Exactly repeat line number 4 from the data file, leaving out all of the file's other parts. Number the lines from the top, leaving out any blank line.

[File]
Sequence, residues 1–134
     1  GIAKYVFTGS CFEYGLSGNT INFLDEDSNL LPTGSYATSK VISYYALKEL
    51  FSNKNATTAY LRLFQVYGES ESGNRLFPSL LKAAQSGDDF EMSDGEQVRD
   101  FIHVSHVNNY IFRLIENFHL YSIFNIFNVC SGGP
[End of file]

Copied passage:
   101  FIHVSHVNNY IFRLIENFHL YSIFNIFNVC SGGP